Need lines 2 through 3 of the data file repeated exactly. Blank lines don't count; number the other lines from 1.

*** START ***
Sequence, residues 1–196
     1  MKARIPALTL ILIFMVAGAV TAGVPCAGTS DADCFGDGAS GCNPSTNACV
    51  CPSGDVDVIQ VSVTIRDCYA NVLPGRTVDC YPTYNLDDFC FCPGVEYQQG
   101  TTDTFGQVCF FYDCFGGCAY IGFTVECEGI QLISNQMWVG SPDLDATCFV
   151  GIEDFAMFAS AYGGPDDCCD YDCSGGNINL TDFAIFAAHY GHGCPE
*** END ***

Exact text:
     1  MKARIPALTL ILIFMVAGAV TAGVPCAGTS DADCFGDGAS GCNPSTNACV
    51  CPSGDVDVIQ VSVTIRDCYA NVLPGRTVDC YPTYNLDDFC FCPGVEYQQG